Not quite an M car, but still the most powerful BMW M Performance model - as well as the largest and heaviest

What is it?

If you’re familiar with the BMW X7, the arrival of the xDrive M50i should come as no surprise.

It’s the new range-topping petrol version of BMW’s flagship SUV, slotting in above the distinctly milder xDrive40i that’s already on sale here. And seeing as BMW has decided not to create a full-blown M version, unlike with the BMW X5 and BMW X6, it will be the hottest version of the firm’s biggest SUV.

Its status as an M Performance car is shown by a series of subtle styling changes. These include a deeper front bumper with greater structuring and larger air ducts, wider door sills and a new-look rear bumper that houses a reworked diffuser element and larger, trapezoidal, chromed tailpipes. There’s also a range of new 21in and optional 22in alloy designs.

It’s quite a step over those sills but, once you’ve climbed inside, you find a luxurious and commodious cabin that can accommodate seven adults across three rows of seats. There’s certainly no shortage of space.

Unique touches include a leather steering wheel, a gear selector and instrument graphics that are all M-branded. It’s all very upmarket, in keeping with BMW’s more recent attempts to position itself as a luxury brand rather than merely one that focuses on premium qualities.

The M50i is powered by a version of BMW’s 4.4-litre turbo petrol V8 that produces 523bhp and 553lb ft of torque – a considerable 188bhp and 221lb ft more than the 3.0-litre turbo straight six used by the xDrive40i.

As with other X7s, power is sent to all four wheels via an eight-speed torque-converter automatic gearbox, although in the M50i this has been given unique software mapping for sportier shifts in D, S and M modes. Launch control has been added, too. What’s more, the xDrive system receives an electronically controlled M Differential that provides torque vectoring capability for the rear axle.

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What's it like?

Despite it weighing 2480kg, the M50i’s acceleration in lower gears is determined; indeed, 0-62mph takes just 4.7sec. Its in-gear qualities are notable, too, with strong flexibility and a solid amount of shove well into the business end of the tachometer.

Delivery is typically smooth and eager, while the exhaust note emits a well-suited baritone blare under load. It’s the M50i’s ability to waft along at low revs in higher gears with outstanding mechanical refinement that really impresses, though: it feels truly effortless over smooth roads. Excessive tyre roar from the optional Pirelli P Zero tyres takes the polish off that otherwise excellent cruising capability on coarse surfaces, though.

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The ride is well controlled. The M suspension, which uses air springs both front and rear, is noticeably firmer than the standard X7 set-up. But with a good deal of wheel travel and excellent absorption qualities under compression, it swallows bigger bumps with no undue shock through the body in Comfort mode.

At speeds above 86mph, the body is automatically lowered by 20mm to improve aerodynamic efficiency. A button on the centre console can raise it by 40mm for off-roading, too.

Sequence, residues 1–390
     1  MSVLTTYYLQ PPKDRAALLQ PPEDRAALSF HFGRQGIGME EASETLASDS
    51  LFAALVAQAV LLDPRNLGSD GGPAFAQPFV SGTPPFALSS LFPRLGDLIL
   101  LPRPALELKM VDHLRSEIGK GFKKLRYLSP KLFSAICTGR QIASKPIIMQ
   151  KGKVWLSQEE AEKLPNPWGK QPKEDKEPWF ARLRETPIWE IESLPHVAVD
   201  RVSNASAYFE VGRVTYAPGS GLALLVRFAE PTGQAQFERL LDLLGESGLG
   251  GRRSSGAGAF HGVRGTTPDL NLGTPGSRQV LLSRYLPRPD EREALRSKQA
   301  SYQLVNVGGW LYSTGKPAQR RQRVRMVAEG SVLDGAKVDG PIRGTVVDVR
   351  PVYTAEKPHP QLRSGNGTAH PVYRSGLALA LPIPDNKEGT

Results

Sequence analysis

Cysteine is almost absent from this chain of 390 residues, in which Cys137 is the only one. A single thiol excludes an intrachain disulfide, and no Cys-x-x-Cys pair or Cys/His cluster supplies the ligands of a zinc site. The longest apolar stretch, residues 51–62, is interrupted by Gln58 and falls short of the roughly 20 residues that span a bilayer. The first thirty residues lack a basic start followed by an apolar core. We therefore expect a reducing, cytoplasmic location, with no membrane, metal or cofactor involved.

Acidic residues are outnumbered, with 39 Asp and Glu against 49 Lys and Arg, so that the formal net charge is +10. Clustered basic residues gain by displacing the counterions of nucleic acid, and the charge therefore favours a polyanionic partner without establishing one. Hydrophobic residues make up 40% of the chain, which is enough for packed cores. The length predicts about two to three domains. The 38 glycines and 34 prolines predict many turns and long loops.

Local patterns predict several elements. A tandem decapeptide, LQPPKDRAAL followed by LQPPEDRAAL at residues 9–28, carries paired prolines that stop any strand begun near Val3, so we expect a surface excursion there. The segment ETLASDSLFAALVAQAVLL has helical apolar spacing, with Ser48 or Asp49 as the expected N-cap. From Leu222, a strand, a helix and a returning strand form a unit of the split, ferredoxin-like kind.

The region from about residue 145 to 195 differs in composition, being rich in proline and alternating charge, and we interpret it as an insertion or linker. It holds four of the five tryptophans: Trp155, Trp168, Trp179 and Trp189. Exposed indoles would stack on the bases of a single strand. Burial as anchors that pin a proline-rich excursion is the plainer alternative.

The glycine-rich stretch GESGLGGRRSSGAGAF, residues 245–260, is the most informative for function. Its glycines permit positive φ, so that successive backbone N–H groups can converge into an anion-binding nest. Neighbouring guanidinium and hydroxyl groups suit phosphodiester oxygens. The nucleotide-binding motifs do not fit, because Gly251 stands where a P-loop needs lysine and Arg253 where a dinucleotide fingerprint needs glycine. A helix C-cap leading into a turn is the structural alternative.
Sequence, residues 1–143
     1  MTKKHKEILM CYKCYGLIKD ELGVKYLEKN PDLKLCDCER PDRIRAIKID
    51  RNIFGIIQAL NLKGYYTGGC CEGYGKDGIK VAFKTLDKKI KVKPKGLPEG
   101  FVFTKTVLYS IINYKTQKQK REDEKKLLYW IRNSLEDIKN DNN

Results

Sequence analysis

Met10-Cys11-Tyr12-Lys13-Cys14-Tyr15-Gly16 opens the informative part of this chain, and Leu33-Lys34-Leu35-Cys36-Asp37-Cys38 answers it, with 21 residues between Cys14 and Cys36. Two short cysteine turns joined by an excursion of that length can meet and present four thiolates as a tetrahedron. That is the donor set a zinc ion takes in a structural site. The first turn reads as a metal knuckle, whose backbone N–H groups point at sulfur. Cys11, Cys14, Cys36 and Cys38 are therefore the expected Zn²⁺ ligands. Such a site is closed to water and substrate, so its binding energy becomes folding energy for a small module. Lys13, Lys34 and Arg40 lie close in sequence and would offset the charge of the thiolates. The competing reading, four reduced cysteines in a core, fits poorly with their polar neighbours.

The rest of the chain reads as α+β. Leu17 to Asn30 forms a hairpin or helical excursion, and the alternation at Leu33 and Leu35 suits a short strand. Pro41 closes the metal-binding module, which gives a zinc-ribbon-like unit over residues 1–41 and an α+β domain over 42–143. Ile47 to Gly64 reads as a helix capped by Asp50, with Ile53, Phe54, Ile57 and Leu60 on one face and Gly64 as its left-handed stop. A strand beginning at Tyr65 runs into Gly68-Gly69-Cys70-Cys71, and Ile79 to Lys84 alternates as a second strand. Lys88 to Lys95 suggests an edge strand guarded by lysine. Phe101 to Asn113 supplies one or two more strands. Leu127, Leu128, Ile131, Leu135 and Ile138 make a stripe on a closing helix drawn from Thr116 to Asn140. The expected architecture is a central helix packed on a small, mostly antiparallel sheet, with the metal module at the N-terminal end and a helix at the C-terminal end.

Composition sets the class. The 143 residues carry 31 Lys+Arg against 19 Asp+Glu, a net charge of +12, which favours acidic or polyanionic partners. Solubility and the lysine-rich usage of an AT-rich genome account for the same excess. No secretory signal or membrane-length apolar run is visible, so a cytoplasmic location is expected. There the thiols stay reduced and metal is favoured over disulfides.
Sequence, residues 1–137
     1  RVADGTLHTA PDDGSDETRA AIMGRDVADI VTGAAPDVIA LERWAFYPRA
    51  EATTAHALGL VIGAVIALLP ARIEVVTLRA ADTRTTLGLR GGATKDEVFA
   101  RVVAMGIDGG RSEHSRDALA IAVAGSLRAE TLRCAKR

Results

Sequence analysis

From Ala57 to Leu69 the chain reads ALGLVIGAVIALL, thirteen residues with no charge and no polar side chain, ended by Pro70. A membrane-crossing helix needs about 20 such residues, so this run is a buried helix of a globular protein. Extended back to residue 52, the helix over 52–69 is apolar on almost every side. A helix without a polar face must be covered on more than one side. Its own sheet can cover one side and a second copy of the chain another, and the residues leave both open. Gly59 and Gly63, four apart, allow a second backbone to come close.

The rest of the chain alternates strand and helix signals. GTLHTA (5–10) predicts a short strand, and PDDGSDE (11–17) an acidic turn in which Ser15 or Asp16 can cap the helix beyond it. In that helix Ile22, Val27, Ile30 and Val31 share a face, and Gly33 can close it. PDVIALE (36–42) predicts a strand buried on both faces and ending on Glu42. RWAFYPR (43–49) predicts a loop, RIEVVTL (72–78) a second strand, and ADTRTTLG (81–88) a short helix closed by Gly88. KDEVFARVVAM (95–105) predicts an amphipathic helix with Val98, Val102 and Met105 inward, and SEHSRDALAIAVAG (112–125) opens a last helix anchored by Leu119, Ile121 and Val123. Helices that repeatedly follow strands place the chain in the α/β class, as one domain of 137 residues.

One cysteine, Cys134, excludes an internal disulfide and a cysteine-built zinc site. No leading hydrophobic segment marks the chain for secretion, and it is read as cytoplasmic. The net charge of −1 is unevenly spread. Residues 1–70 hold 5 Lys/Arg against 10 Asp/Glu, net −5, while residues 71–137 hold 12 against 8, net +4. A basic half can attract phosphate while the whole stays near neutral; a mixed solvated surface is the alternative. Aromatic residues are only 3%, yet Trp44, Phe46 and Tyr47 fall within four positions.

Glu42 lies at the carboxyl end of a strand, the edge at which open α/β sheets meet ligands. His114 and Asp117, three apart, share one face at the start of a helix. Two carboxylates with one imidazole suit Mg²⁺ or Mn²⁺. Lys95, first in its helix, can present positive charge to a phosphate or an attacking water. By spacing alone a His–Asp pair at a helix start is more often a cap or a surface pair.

It’s 5151mm long, 1805mm tall and 2000mm wide, but the M50i feels like a smaller car on the open road. Its standard speed-sensitive steering is complemented by all-wheel steering as part of the Executive Drive Pro options package, making it superbly agile for something so big. You can place it confidently and generate quite a turn of speed in corners, thanks in part to excellent grip.

Despite firmer damping than other X7s, the M50i’s body still rolls a fair bit. Push too hard and you get some degree of roll steer, although this builds progressively enough to allow you to anticipate when to back off.

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Should I buy one?

Downsides of the X7? Well, there are just 326 litres of boot space when the third row of seats are in use and, even with the benefits brought by the Integral Active Steering system, it’s not exactly suited to urban driving – in the UK, at least. For that reason, it will probably be much more popular in the US, China and the Middle East.

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BMW X7 M50i specification

Where Munich, Germany Price £92,975 On sale now Engine V8, 4395cc, turbocharged, petrol Power 523bhp at 5500-6000rpm Torque 553lb ft at 1800-4600rpm Gearbox 8-spd automatic Kerb weight 2480kg Top speed 155mph (limited) 0-62mph 4.7sec Fuel economy 25.4-25.9mpg CO2 248-252g/km Rivals Audi Q7, Mercedes-Benz GLS, Land Rover Range Rover

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Join the debate

Add a comment…
stephen sharp 28 May 2020

Climate crisis....

A great car to advertise that you have absolutely no idea of the looming climate crisis..... 

Peter Cavellini 28 May 2020

Keeping up with the neighbours..

 BMW are only trying to better the opposition, yes, it's silly to have a vehicle this size doing Supercar acceleration and going round corners at silly speeds, but, people want them, it may sell many here in the West, but it'll sell in China, America the Emirates, whether it's better or not doesn't matter to some, almost like an impulse buy, they see, or so n so got one, it doesn't necessarily matter what we think, BMW and other car makers know there markets.

Just Saying 28 May 2020

abkq letter box

Classic now you mention it!
My eyes are drawn to the letter box beneath the grill.
Other than that I quite like it. Which is a worry, is there a good looking big car out there? Or is this a default price you pay for XXL size?